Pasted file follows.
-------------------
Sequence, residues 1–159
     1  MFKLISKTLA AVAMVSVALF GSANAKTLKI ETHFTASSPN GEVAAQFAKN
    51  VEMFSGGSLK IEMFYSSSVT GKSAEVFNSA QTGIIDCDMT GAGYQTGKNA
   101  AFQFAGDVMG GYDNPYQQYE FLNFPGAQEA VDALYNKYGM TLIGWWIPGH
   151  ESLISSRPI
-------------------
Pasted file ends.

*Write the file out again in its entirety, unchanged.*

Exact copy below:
Sequence, residues 1–159
     1  MFKLISKTLA AVAMVSVALF GSANAKTLKI ETHFTASSPN GEVAAQFAKN
    51  VEMFSGGSLK IEMFYSSSVT GKSAEVFNSA QTGIIDCDMT GAGYQTGKNA
   101  AFQFAGDVMG GYDNPYQQYE FLNFPGAQEA VDALYNKYGM TLIGWWIPGH
   151  ESLISSRPI